I won’t hang up my trowel at the end of the season but will continue weeding in short bursts until snow covers the ground. Winter weeds can creep up on a bed when you least suspect it, and in our area, depending of the weather, dandelions can start setting flowers as early as January. Attacking when weeds are dormant gives you an advantage. By all means pull weeds in the winter, however, don’t try to work the soil until it’s ready or you’ll ruin its crumb texture.
Time-Saving Weeding Techniques
- Use a screwdriver to prise out roots with less effort.
- An old knife slips easily into cracks between pavers.
- Vinegar kills weeds. Sometimes you need a couple of applications.
- Bleach kills moss, so that all you have to do is sweep it up. Reapply to remove thick patches.
- When weeds are flowering or seeding and you know you won’t get to them all, fill a bucket a day with seedheads. Children especially love plucking flowers and seed pods.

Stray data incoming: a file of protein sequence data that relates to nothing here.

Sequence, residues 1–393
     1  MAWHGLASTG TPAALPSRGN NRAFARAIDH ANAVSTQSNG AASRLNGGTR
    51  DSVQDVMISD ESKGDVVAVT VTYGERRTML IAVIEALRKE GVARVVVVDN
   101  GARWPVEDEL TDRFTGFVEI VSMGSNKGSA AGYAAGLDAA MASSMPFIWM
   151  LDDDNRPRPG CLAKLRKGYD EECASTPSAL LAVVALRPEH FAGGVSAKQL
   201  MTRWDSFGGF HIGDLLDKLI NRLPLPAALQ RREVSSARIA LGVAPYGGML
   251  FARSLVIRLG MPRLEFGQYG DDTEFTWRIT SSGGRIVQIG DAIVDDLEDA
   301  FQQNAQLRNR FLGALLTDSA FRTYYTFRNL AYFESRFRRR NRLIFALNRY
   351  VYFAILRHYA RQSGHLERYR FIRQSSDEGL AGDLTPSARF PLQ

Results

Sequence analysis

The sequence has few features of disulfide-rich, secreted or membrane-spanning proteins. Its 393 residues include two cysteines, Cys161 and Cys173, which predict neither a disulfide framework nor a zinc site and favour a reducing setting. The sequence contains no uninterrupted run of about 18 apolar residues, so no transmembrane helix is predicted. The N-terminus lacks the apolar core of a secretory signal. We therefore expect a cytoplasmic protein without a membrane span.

- For a truly weed-infested patch, rather than trying to clear out the mess, sometimes it’s best to cover it with carpet, straw, tarp, or plastic mulch to smother weeds. Once the weeds are dead, you can remove any non-organic coverings, enrich to soil with amendments if needed, and lay down a heavy layer of mulch. Wait a season and pluck out any weed starts that come to the surface before planting. Note: plastic mulch is my last choice here because it can damage the soil and kill beneficial worms and other soil-bound critters. If you resort to it, leave it on no longer than three months.
- Before purchasing plants in containers, check them for insects, deseases, and weeds.
- When buying compost, manure, and topsoil, ask if it’s been processed to a temperature of between 140 F and 150 F to ensure weed seeds are killed.
- In designing my own gardens, I plant an ornamental plant anywhere a weed will want to grow. I’d rather tend pretty flowers than pull weeds any day.
- Native plants will usually flourish if you locate them in spots with the proper light and moisture requirements. Healthy plants crowd out weeds much better than languishing ones.
Some Final Thoughts
I hope my weeding techniques help and encourage you. Don’t give up, even when your yard looks hopeless. Before long you’ll free your time in the garden for things you enjoy more, like wandering the paths and smelling the flowers.
©2014 by Janalyn Voigt